Little by little, it’s becoming easier and more convenient to “present your papers” upon request. You’re accustomed to keeping your driver’s license with you, but states are increasingly rolling out digitized versions that “go way beyond what a driver’s license is about.”1 Arizona, for instance, released a mobile driver’s license (mDL) app in March 2021, and Eric Jorgensen, director of the motor vehicle division of Arizona’s Department of Transportation, told Government Technology:2
“I actually hate the term ‘mDL’ because it doesn’t recognize the power of what we’re doing here … The whole concept is that we’re providing a way to remotely authenticate a person, to provide a trusted digital identity that doesn’t exist today.
Once we provide that, we’re opening doors to enhanced government services. Also, the government can play a key role in facilitating commerce, providing a better citizen experience and providing for the security of that citizen …”
Mobile IDs Tied to Health Care, Law Enforcement
GET Group North America is working fervently to create “secure ID credentials,”3 which includes the release of an international standard for mobile driver’s licenses and mobile IDs (mID). The standards were approved for publication August 18, 2021, clearing the way for “global ID and driver’s license issuers to confidently deploy mDL solutions, and for verifiers around the world to implement or adopt mDL readers.”4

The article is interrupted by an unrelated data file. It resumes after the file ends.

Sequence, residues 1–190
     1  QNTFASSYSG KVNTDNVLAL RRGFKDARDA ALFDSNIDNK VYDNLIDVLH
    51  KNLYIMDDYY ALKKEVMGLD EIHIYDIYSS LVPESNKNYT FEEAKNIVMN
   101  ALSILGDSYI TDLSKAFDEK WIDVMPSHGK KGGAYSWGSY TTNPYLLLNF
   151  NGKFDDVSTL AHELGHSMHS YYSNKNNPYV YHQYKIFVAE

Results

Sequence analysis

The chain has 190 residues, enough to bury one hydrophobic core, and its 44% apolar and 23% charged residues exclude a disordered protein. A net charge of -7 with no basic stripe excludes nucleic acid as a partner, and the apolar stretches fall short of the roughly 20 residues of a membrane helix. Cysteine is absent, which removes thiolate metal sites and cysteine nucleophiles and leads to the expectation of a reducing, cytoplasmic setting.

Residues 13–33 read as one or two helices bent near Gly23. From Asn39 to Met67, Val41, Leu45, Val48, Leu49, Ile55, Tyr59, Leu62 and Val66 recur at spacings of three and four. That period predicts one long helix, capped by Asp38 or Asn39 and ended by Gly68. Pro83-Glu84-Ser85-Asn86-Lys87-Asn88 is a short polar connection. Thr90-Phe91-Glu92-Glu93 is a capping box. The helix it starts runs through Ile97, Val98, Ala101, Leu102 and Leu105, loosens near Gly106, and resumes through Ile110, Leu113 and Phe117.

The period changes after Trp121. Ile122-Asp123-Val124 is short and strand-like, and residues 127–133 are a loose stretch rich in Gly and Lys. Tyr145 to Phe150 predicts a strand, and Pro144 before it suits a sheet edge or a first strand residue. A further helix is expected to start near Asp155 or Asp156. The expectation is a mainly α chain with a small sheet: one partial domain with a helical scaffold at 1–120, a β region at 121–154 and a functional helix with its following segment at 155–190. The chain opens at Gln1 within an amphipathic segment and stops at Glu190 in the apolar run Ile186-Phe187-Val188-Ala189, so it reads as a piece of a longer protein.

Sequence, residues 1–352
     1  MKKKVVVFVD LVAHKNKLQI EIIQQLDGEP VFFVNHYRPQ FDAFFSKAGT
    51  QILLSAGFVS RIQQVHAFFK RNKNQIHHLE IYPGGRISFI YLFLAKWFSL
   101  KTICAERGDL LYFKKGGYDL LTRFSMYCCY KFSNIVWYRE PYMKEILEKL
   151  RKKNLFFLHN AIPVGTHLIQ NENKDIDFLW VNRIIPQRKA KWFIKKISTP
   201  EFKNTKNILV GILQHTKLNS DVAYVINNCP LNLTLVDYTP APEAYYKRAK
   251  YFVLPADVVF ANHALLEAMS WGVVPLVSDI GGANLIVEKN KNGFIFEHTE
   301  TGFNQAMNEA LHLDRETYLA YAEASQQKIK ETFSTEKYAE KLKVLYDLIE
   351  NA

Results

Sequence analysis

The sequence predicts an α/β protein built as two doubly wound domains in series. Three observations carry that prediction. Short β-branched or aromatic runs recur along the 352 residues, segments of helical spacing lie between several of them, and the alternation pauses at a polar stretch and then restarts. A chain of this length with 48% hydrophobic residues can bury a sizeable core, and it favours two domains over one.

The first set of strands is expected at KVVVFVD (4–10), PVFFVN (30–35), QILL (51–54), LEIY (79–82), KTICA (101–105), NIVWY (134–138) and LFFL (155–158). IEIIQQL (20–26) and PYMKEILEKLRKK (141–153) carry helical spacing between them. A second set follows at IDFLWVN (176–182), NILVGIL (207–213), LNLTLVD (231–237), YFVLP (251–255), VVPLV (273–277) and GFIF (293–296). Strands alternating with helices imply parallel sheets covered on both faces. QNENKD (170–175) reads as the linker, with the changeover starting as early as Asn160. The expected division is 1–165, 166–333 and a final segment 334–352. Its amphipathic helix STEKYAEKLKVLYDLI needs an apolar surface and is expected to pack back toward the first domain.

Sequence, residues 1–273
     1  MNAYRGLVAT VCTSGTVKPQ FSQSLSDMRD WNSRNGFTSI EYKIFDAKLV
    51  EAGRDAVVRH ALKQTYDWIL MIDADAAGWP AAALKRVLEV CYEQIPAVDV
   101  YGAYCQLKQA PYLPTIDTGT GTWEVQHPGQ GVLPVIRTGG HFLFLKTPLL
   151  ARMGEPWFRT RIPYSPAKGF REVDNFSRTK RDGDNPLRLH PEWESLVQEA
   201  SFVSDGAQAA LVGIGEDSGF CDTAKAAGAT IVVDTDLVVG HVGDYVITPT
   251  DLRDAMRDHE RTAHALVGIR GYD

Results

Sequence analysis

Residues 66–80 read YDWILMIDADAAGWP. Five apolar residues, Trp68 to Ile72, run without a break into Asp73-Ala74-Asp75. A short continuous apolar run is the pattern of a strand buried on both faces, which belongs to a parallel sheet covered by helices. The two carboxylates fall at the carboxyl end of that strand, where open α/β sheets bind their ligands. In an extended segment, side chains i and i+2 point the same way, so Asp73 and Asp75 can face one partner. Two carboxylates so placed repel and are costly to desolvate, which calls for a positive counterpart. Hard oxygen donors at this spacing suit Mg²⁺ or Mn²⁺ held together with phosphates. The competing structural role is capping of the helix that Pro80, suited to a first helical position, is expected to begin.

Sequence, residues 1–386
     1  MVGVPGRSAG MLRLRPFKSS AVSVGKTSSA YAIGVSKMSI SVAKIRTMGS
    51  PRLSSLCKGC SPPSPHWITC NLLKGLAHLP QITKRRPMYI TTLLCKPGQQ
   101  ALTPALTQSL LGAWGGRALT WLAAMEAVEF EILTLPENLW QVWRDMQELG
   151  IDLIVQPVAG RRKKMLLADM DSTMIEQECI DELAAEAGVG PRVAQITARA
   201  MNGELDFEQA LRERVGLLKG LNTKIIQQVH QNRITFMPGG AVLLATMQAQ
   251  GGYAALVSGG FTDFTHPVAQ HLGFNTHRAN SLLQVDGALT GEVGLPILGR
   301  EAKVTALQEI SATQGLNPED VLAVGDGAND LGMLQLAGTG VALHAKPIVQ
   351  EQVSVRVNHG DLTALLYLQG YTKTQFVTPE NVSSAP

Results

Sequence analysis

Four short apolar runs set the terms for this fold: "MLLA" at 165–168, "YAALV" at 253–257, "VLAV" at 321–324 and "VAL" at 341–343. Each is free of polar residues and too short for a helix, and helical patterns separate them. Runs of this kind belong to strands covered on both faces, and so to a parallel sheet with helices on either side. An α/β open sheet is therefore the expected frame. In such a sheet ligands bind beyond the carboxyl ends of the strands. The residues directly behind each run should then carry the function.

GET’s Mobile ID also intends to go far beyond a typical driver’s license to act as a digital identity that will tie in to retail, health care, law enforcement and travel sectors. The pandemic accelerated what was previously a gradual transition to digital, using the public health dogma that it would be better to not pass physical documents and IDs back and forth.
“Being able to empower customers to have a credential that they can use in a transaction where they’re not passing back and forth a physical document has been further accelerated by the pandemic,” Ian Grossman, vice president of member services and public affairs for the American Association of Motor Vehicle Administrators (AAMVA), told Government Technology.5
mDLs and mIDs are also intended to provide a streamlined identification verification system that can be used globally, doing away with different IDs for individual states.
“[El]lectronic authentication can give the mDL verifier confidence in the presented ID without requiring specialized knowledge of the hundreds of card design and security features applicable to the driver’s licenses (and their variants) that are issued by 56 states and territories,” the Secure Technology Alliance wrote.6